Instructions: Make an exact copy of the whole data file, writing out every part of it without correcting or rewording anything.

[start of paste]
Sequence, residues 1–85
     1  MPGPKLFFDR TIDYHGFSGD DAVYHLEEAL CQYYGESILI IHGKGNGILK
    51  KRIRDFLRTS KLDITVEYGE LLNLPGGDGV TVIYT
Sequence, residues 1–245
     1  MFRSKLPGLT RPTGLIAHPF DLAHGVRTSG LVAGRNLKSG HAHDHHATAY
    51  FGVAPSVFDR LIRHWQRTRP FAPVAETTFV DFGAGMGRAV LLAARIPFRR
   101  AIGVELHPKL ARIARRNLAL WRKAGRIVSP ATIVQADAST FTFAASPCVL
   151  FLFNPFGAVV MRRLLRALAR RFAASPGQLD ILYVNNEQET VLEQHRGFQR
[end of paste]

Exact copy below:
Sequence, residues 1–85
     1  MPGPKLFFDR TIDYHGFSGD DAVYHLEEAL CQYYGESILI IHGKGNGILK
    51  KRIRDFLRTS KLDITVEYGE LLNLPGGDGV TVIYT
Sequence, residues 1–245
     1  MFRSKLPGLT RPTGLIAHPF DLAHGVRTSG LVAGRNLKSG HAHDHHATAY
    51  FGVAPSVFDR LIRHWQRTRP FAPVAETTFV DFGAGMGRAV LLAARIPFRR
   101  AIGVELHPKL ARIARRNLAL WRKAGRIVSP ATIVQADAST FTFAASPCVL
   151  FLFNPFGAVV MRRLLRALAR RFAASPGQLD ILYVNNEQET VLEQHRGFQR